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Zeitschrift für Epileptologie

, Volume 32, Issue 1, pp 21–28 | Cite as

Epilepsie und Parasomnien

Differenzialdiagnose und Pathophysiologie schlafgebundener Ereignisse
  • Berthold VogesEmail author
Leitthema
  • 36 Downloads

Zusammenfassung

Zur Differenzierung von schlafgebundenen Ereignissen in epileptische Anfälle oder Parasomnien sind als diagnostische Merkmale hilfreich: Familienanamnese, Manifestationsalter, Bindung an erste oder zweite Nachthälfte, Häufigkeit und Dauer der Ereignisse, Stereotypie und Komplexität von Handlungsabläufen oder Sprache, Ausmaß an Zielrichtung und Konsequenz in der Durchführung der Handlungen, Weckbarkeit und Interaktionsfähigkeit in der Episode sowie Verhalten und Erinnerung nach den Ereignissen. Keines dieser Merkmale ist für sich allein beweisend oder ausschließend für die eine oder andere Diagnose. Auch können Epilepsie und Parasomnie im selben Patienten koinzident vorkommen. In unklaren Fällen kann ein LZ-EEG-Monitoring, idealerweise ergänzt mit einer Polysomnographie, zur Erfassung der in Rede stehenden Ereignisse notwendig sein. Die gelegentlich frappierende Ähnlichkeit in der Semiologie von NREM(„non-rapid eye movement“)-Parasomnien und epileptischen Anfällen ist begründbar durch eine Überlappung der pathophysiologischen Abläufe: Bei NREM-Parasomnien führt ein dissoziiertes, lokales Arousal subkortikaler Netzwerke bei gleichzeitiger Persistenz von Tiefschlaf im frontoparietalen Kortex zum Ausagieren subkortikal gespeicherter, primitiver Verhaltensschablonen. Bei epileptischen Anfällen kann fokale Hyperexzitation in cingulären oder limbischen Netzwerken die Manifestation derselben Handlungsschablonen induzieren. Die Suppression von NREM-Parasomnien gelingt meist gut mittels Vermeidung auslösender Medikamente, Behandlung Arousal-induzierender somnologischer Erkrankungen, verhaltenstherapeutischer Stabilisierung der Schlafstruktur und symptomatischer Medikation mit Low-dose-Clonazepam als First-line-Drug.

Schlüsselwörter

Semiologie Differenzialdiagnose Pathophysiologie Dissoziiertes Arousal Central Pattern Generators 

Epilepsy and parasomnias

Differential diagnosis and pathophysiology of sleep-related events

Abstract

For differentiation of sleep-related events in epileptic seizures or parasomnia, the following diagnostic features may be helpful: family history, age of first manifestation, appearance in 1st or 2nd half of night, frequency and duration of events, stereotype and complexity of behavior or speech during the event, extent of target orientation and consistency of actions, arousal and interactivity during the event as well as behavior and memory after the event. None of these items alone can prove or exclude one diagnosis or the other. In addition, epilepsy and parasomnia may be coincident in the same patient. For this, in ambiguous cases long-term video electroencephalograph (EEG) monitoring, preferably together with polysomnography, is required to find the correct diagnosis. The sometimes striking similarity in the semiology of non-rapid eye movement (NREM) parasomnia and epileptic seizures can be explained by an overlap in the pathophysiological processes. In NREM parasomnia a dissociated, local arousal of subcortical networks, together with persistence of deep sleep in the frontoparietal cortex, may induce an “acting-out” of subcortically stored, primitive behavior patterns. In epiletic seizures, focal hyperexcitation of cingulate or limbic networks may induce the manifestation of the same behavior patterns. Therapeutic strategies for the suppression of NREM parasomnia are avoidance of triggering medication, treatment of arousal-inducing somnological diseases, behavioral therapy for stabilization of sleep structure and finally symptomatic medication treatment with low-dose clonazepam as first-line drug.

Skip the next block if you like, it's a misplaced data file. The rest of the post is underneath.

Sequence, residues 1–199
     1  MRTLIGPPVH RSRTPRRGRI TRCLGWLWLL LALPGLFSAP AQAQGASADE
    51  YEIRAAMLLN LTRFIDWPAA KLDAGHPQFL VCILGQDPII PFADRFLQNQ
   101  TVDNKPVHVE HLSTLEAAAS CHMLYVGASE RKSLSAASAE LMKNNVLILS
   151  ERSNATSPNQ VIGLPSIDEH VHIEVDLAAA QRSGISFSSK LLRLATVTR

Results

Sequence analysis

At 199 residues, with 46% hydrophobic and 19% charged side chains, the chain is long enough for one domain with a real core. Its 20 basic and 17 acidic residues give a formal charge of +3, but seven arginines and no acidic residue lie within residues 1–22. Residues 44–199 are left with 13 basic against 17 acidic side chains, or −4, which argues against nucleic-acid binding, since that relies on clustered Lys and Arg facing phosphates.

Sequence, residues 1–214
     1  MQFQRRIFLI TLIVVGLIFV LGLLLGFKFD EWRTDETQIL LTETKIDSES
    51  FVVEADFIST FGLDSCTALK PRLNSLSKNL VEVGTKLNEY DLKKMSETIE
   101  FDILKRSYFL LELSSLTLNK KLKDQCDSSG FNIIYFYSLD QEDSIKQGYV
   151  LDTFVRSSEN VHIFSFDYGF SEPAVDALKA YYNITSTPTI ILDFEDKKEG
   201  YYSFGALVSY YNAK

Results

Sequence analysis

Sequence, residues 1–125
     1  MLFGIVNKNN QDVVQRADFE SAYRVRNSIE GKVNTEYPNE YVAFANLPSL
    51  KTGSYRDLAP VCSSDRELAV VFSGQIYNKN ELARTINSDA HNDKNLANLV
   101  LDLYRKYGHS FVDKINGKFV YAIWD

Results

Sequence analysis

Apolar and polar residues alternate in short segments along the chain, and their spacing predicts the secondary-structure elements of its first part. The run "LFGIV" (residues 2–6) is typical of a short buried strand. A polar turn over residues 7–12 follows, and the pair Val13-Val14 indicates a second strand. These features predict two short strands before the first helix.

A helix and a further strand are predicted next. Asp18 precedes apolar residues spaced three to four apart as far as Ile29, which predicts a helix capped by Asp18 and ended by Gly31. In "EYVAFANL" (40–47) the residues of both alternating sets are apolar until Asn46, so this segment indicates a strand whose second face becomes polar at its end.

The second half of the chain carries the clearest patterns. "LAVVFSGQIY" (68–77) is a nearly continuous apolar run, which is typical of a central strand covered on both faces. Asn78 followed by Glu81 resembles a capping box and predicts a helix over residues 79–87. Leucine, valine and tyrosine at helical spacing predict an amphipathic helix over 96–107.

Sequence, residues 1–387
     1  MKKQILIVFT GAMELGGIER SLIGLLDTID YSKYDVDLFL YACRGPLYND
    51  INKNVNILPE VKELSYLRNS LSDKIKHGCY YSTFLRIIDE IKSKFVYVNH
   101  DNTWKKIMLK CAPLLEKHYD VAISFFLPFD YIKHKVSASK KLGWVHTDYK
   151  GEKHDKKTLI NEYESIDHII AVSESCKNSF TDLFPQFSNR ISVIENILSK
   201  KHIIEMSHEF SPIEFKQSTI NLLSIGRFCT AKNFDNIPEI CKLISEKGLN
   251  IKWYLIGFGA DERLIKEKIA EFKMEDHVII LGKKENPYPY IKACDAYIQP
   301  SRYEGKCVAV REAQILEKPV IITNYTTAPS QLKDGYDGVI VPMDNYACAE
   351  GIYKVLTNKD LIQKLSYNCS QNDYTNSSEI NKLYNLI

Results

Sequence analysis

Keywords

Semiology Differential diagnosis Pathophysiology Dissociated arousal Central pattern generators 

Notes

Einhaltung ethischer Richtlinien

Interessenkonflikt

B. Voges gibt an, in den letzten 5 Jahren Reisekostenerstattungen und Vortragshonorare von den Firmen LivaNova, Medtronic, Eisai, UCB, Desitin und Bioprojet erhalten zu haben.

Dieser Beitrag beinhaltet keine vom Autor durchgeführten Studien an Menschen oder Tieren. Für Bildmaterial oder anderweitige Angaben innerhalb des Manuskripts, über die Patienten zu identifizieren sind, liegt von ihnen und/oder ihren gesetzlichen Vertretern eine schriftliche Einwilligung vor.

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Copyright information

© Springer Medizin Verlag GmbH, ein Teil von Springer Nature 2018

Authors and Affiliations

  1. 1.Epilepsiezentrum HamburgEvangelisches Krankenhaus AlsterdorfHamburgDeutschland

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